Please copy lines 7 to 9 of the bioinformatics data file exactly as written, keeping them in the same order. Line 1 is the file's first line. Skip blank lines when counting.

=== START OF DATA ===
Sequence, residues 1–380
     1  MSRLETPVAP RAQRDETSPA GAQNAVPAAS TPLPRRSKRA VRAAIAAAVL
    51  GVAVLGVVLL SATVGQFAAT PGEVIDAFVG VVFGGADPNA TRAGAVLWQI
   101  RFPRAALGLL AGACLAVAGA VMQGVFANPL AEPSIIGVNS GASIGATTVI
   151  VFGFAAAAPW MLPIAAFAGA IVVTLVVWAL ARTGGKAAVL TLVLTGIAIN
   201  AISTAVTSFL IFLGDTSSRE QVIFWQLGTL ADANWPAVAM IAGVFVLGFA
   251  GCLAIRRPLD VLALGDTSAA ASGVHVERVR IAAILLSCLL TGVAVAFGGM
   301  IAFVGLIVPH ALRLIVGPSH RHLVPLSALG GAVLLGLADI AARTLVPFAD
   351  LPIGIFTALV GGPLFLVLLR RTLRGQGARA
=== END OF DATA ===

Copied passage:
   251  GCLAIRRPLD VLALGDTSAA ASGVHVERVR IAAILLSCLL TGVAVAFGGM
   301  IAFVGLIVPH ALRLIVGPSH RHLVPLSALG GAVLLGLADI AARTLVPFAD
   351  LPIGIFTALV GGPLFLVLLR RTLRGQGARA